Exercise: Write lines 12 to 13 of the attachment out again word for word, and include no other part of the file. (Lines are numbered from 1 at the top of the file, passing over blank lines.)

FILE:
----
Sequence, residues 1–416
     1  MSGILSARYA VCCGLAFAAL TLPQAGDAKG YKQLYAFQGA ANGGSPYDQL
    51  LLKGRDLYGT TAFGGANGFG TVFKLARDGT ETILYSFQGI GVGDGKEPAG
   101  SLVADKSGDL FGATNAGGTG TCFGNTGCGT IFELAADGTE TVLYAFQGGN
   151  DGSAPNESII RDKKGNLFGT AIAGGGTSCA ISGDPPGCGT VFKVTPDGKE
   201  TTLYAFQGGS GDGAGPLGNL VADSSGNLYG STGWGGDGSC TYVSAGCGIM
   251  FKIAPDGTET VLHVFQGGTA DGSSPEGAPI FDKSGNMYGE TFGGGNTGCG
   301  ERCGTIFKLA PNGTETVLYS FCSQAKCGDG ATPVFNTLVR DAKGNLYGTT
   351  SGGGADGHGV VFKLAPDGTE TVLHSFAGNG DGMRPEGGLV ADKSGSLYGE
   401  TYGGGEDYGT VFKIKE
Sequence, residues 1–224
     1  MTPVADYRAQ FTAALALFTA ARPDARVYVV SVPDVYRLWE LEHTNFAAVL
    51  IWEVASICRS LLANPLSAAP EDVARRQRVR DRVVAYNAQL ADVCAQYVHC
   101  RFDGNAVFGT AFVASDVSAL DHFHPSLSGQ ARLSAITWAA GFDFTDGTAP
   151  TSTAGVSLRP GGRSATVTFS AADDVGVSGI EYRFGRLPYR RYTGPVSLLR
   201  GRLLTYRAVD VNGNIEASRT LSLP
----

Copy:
     1  MTPVADYRAQ FTAALALFTA ARPDARVYVV SVPDVYRLWE LEHTNFAAVL
    51  IWEVASICRS LLANPLSAAP EDVARRQRVR DRVVAYNAQL ADVCAQYVHC